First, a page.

Over the past two years, the tragedy of Flint, Michigan has stunned the nation. We watched the drinking water of an entire city become contaminated with lead. And now we know this toxic threat extends well beyond Flint to communities across the country. In fact, test results now show that lead is even contaminating drinking water in schools and pre-schools — flowing from thousands of fountains and faucets where our kids drink water every day.

Lead is highly toxic, especially for children

A potent neurotoxin, lead affects how our children learn, grow, and behave. According to the EPA,"In children, low levels of [lead] exposure have been linked to damage to the central and peripheral nervous system, learning disabilities, shorter stature, impaired hearing, and impaired formation and function of blood cells." In fact, medical researchers estimate that more than 24 million children in America will lose IQ points due to low levels of lead.

Lead in the drinking water at school 

Even the limited available data shows drinking water laced with lead at schools and early childhood programs across the country.

The threat of lead in schools’ water affects not only big cities but also suburban and rural communities. Tests have documented lead-tainted water in schools Cherry Hill, NJ, Bergen County, NJYarmouth, ME, and several other school districts in upstate New York, and suburban communities in Illinois.

Sometimes, the levels of lead are exceedingly high. For example, one drinking water fountain at a Montessori school in Cleveland had 1,560 parts per billion. A school in the Chicago suburbs had lead-water concentrations at 212 times the federal standard. Leicester Memorial Elementary in Massachusetts had a tap that tested at 22,400 ppb.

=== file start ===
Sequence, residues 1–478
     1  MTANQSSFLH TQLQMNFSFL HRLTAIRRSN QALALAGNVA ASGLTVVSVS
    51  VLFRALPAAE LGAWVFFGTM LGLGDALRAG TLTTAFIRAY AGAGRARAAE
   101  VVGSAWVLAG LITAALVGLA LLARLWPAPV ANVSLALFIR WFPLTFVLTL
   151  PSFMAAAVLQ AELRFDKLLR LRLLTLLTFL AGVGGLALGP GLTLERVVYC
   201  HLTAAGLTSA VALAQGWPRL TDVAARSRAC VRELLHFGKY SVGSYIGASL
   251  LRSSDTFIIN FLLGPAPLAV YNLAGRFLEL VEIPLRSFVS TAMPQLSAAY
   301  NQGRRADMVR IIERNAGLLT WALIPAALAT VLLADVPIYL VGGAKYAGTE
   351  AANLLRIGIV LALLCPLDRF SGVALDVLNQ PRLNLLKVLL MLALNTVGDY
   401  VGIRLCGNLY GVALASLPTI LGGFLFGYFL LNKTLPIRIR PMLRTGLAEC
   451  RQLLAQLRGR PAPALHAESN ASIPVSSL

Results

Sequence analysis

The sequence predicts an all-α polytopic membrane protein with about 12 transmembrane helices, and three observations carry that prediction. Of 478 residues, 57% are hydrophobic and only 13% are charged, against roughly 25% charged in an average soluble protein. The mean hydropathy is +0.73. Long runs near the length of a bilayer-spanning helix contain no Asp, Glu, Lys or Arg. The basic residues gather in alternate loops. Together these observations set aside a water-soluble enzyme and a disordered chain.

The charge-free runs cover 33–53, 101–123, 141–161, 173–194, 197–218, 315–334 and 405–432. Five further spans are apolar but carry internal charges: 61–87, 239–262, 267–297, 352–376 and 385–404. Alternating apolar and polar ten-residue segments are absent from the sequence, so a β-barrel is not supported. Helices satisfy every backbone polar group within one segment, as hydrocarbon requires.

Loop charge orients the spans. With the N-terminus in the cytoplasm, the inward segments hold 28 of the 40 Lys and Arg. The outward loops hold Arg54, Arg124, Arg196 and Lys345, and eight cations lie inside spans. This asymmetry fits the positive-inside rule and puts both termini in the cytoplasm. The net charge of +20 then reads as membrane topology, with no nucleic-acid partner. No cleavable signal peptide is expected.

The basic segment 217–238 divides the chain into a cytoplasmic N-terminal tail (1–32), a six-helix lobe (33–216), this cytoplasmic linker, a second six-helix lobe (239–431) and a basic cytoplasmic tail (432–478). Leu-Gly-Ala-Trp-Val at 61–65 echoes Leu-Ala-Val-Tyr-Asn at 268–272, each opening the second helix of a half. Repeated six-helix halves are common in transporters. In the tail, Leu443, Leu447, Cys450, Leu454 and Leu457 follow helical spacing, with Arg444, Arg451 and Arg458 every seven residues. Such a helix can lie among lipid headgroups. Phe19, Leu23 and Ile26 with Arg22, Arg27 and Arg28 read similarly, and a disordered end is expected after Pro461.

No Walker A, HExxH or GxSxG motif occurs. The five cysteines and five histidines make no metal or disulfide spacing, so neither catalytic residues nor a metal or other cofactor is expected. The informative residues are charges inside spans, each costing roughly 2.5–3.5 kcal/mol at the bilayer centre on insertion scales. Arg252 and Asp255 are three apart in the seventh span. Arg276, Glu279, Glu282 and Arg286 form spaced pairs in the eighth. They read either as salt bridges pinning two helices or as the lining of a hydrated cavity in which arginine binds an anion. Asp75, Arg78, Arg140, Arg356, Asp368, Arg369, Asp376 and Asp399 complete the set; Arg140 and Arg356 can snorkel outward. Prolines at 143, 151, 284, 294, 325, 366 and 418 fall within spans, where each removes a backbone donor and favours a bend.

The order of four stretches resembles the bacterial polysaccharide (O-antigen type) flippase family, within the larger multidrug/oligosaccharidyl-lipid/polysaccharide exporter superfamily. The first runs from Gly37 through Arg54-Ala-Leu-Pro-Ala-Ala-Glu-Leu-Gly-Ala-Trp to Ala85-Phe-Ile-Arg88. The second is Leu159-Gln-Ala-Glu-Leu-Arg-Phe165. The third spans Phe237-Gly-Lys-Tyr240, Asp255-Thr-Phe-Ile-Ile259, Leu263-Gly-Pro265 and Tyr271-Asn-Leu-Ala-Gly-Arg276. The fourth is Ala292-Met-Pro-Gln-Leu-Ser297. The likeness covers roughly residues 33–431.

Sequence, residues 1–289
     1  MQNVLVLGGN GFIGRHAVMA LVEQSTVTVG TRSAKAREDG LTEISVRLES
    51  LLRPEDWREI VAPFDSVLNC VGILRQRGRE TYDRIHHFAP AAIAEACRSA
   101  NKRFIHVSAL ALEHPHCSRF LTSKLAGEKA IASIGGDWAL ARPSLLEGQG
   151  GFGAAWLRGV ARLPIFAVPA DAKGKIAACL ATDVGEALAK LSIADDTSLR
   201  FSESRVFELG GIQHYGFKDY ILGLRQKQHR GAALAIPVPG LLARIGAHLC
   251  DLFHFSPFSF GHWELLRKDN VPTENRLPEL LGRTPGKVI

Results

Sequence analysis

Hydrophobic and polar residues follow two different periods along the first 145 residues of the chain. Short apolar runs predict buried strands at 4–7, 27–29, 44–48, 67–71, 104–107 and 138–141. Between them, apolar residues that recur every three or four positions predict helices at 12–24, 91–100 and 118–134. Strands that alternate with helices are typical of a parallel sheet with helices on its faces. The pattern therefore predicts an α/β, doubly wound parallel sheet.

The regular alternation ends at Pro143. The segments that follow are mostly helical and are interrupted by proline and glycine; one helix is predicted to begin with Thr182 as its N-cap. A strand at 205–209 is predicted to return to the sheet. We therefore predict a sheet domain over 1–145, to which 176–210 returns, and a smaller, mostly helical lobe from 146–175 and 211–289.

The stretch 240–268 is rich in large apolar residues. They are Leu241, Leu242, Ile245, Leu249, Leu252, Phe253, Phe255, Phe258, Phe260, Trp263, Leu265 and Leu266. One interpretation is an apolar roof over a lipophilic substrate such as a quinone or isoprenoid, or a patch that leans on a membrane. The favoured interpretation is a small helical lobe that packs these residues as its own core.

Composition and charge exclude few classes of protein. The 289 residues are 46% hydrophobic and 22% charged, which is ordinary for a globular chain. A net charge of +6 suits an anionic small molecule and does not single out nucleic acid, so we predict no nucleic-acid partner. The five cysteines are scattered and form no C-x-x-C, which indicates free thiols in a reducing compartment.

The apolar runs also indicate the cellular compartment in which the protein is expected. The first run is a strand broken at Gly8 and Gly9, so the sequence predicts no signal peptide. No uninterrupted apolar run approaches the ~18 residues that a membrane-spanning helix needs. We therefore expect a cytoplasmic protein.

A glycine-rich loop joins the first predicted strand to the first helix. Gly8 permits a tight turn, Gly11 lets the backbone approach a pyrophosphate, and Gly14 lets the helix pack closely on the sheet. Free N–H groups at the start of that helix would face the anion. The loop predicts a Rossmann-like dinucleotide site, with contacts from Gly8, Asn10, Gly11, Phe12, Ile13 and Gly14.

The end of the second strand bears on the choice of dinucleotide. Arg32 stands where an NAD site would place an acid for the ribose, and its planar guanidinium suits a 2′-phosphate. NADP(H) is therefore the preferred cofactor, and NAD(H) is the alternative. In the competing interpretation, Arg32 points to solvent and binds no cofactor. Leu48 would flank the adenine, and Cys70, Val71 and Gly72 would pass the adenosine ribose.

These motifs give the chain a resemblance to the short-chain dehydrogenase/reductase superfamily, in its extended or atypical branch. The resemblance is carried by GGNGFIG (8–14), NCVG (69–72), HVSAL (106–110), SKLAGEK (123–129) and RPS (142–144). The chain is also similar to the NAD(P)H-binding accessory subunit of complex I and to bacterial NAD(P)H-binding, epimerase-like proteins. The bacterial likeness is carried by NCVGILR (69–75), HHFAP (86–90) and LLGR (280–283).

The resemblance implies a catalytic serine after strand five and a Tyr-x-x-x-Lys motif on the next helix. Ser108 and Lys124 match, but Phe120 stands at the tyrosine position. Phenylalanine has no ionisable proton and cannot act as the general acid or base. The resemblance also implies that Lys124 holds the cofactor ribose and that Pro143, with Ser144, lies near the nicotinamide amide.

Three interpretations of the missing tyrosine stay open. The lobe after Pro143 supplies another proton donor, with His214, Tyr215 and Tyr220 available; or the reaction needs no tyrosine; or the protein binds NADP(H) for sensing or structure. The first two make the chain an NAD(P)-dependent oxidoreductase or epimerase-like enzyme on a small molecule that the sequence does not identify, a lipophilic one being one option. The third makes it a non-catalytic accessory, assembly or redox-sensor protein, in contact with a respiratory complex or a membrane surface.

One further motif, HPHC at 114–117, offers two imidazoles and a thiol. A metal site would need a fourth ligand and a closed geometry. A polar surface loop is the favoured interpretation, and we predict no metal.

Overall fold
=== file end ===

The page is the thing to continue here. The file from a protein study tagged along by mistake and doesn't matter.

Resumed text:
A pervasive threat to our children’s health

In all likelihood, these confirmed cases of lead in schools’ water are just the tip of the iceberg. Most schools have at least some lead in their pipes, plumbing, or fixtures. And where there is lead, there is risk of contamination. 

Massachusetts is one of the few states to test extensively and publish all results showing any level of lead in schools’ water. The results are shocking: nearly half of the tests (49.7 percent) conducted at Bay State schools so far have found some level of lead in the water, according to data published by the state as of January 6, 2017.  

Time to Get the Lead Out

Given these facts, the only way to ensure safe drinking water for our children is simply to “get the lead out” of our schools and pre-schools. This involves proactively removing lead-bearing parts from schools’ drinking water systems — from service lines to faucets and fixtures —and installing filters certified to remove lead at every tap used for drinking or cooking.

What you can do 

Contact your school and ask whether it has lead pipes or plumbing. Ask if the water has been tested for lead and to see all the results. Sometimes schools only report levels of lead in water above 15 parts per billion, but there is no safe level of lead in drinking water, especially for our children. 

In addition, we’re calling on all states to “get the lead out” of schools drinking water. Please urge your governor to take strong action to protect our children’s health. Take action. 

Clean Water Updates

News Release | Environment America

Statement: Senators push agencies to act on toxic chemicals known as PFAS